4. Some evidence of intermittent iron and manganese and some suspended materials.
5. Water had elevated levels of slime and iron bacteria.


Evaluation/ Inspection

1. Documented well construction and water level. 
2. The static water level was just below the base of the PVC casing.
3. There was grass clippings, spider webs and egg masses under well cap.  There were also other insects and earwigs under well cap.
4. Slime bacteria and Iron Bacteria High.
5. Methane not detectable.
6. Activities in the area - gas drilling, urban landscapes, pipeline work, excavations, stormwater systems, urban runoff, fertilizers, and road salting.

Action
1. Shock disinfected the well with a residual of 50 ppm - chlorine.  Result - Bacterial Contamination, i.e., E. coli.  went up!  Cause - we washed down the debris that was on the casing into the well.
2. Shock disinfected the well at 100 ppm with more recirculation and checking chlorine levels. Result - Total Coliform, E.coli, nuisance bacteria, and standard plate count at low levels.  No iron or manganese problems and no total suspended solids (TSS).
3. Recommendation- add a sanitary well cap. 
4. Well yield and specific capacity increased.
Case Solved !

Case Study 4 (Specific Case)

I Wish The Well Owner Did Baseline Testing
Get Baseline Testing Done NOW Water Well Issues and Water Problems!
(This is a friend and long-term Associate)

Water Issues
1. Lake House that is not regularly used and in most cases the homeowners did not drink the water.
2. No baseline testing other than some historic testing for coliform bacteria and nitrate.
3. The water appeared to change and get a salty taste and there was some gas
bubbles.

4. Well - no drilling log- located in a river valley near a lake - over 400 feet deep.

Evaluation/ Inspection

1. Could not access well to measure LEL (Lower Explosion Limit) in headspace because we were in a natural gas area or measure the static water level for the well.
2. Started purging the well - no gas spouting or water hammer, but the gas in the water began to outgas quickly.
3. Water appeared very clear - other than the out-gassing of some gas very quickly.
4. Well near lake with on-site septic, natural gas development over 2000 feet away, dirt roads, and not urban runoff or salt storage.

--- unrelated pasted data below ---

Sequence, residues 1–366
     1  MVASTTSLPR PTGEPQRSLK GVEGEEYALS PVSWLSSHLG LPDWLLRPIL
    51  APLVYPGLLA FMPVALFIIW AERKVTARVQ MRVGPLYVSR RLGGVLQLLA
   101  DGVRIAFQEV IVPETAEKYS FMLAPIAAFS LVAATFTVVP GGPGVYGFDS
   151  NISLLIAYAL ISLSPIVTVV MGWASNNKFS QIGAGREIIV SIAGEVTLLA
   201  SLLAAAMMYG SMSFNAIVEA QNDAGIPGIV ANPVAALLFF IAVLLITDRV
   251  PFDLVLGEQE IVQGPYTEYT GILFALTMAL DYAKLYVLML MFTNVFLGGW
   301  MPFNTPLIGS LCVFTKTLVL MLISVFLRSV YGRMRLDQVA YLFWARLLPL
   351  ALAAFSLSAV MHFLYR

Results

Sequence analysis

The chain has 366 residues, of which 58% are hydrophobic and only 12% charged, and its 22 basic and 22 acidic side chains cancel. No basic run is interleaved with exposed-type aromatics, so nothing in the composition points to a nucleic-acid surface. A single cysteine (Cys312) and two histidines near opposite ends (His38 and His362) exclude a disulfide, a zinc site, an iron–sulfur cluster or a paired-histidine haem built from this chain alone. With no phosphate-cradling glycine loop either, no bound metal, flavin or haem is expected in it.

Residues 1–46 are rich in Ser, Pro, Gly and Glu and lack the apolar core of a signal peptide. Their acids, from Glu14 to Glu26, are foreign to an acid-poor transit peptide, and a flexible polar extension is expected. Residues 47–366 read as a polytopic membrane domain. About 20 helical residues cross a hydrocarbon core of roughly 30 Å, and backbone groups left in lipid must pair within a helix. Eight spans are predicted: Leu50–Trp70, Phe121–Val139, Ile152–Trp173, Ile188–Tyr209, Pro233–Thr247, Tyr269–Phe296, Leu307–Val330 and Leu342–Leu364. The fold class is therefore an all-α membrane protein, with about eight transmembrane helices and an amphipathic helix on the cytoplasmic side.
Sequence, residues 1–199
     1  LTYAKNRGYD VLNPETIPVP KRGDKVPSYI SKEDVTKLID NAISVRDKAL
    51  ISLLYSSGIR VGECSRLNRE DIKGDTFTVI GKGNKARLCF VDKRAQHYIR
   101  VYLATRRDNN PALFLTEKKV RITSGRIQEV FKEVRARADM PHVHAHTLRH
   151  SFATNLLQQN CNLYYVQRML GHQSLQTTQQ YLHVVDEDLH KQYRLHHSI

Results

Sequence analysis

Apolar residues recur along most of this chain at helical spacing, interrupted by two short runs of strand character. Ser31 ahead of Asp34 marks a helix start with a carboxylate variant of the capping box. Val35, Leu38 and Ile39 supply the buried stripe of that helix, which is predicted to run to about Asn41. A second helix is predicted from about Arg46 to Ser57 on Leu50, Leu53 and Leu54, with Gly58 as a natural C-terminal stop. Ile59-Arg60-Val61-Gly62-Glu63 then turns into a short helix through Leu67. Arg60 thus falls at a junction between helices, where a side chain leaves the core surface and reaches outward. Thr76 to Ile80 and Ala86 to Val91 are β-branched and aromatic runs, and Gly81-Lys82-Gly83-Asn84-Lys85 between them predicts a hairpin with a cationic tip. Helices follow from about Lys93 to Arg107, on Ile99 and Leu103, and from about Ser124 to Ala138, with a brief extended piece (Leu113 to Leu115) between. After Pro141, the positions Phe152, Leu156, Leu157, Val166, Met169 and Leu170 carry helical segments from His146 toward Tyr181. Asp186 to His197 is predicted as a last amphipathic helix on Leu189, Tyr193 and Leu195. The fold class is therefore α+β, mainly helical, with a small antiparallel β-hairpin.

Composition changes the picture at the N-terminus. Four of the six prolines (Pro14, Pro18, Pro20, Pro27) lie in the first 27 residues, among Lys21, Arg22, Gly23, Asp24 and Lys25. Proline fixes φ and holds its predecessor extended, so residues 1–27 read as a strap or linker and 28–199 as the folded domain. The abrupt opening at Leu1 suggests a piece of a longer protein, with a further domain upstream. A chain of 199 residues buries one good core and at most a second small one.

5. I had been to this house before, but I never drank the water - Again - this is a house at the lake - drinking water and measuring water quality is not the primary activity.

Action

1. Collected a water sample and measured water quality in the field and sent a sample to the laboratory.
2. Results:
Methane - 17.3 mg/L (above the action level of 2 mg/L)
Ethane- < 0.01 mg/L
Propane- < 0.02 mg/L
Barium - 3.3 mg/L (Elevated)
Strontium - 1.8 mg/L
T. Hardness - 61 mg/L
Total Dissolved Solids - 760 mg/L (Elevated)
Chloride - 390 mg/L (Elevated)
Sodium - 264 mg/L (Salty Taste)
Nitrate- < 0.5 mg/L (OK)

pH 7.8 mg/L
3. Findings - The well appears to be impacted by saline water. 
4. Homeowner First Question - Was this caused by Marcellus Shale Drilling ?

Problems
1. No Baseline Data or even historic testing data other than total coliform and nitrate.
2. No gas development within 2500 feet

Recommendation
1.
Under Oil and Gas Law- Section 78.89 – “When an operator or owner is notified of or otherwise made aware of a POTENTIAL natural gas migration incident, the PADEP may require the operator to conduct an investigation.

Point - If the homeowner spent $ 300.00 on baseline testing- we could have provided an answer.  The POINT - BASELINE TESTING IS NEEDED NOW !

 

Gas Bubbles Dissipate in Less then 1 minute
LEL over the Top of a Water Bottle - 30% LEL

SEE OUR Review of the Data
From Dimock, PA

 

 

Back to Case Study 5 through 10

If you have a case that you want us to evaluate- contact us using the following portals and links.
Contribute Data to the
Pennsylvania Groundwater Database

Well by Well Review for Dimock, PA

Local Groundwater Group - Carbon County, PA

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National Drillers Training Courses
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and Groundwater Basics 

Water Well Design (other training provider)

*****************************************

For More information about the Water Research Center, 
please contact:

 Attn: Mr. Brian Oram, Professional Geologist (PG)
Water Research Center
B.F. Environmental Consultants Inc.
15 Hillcrest Drive
Dallas, PA 18612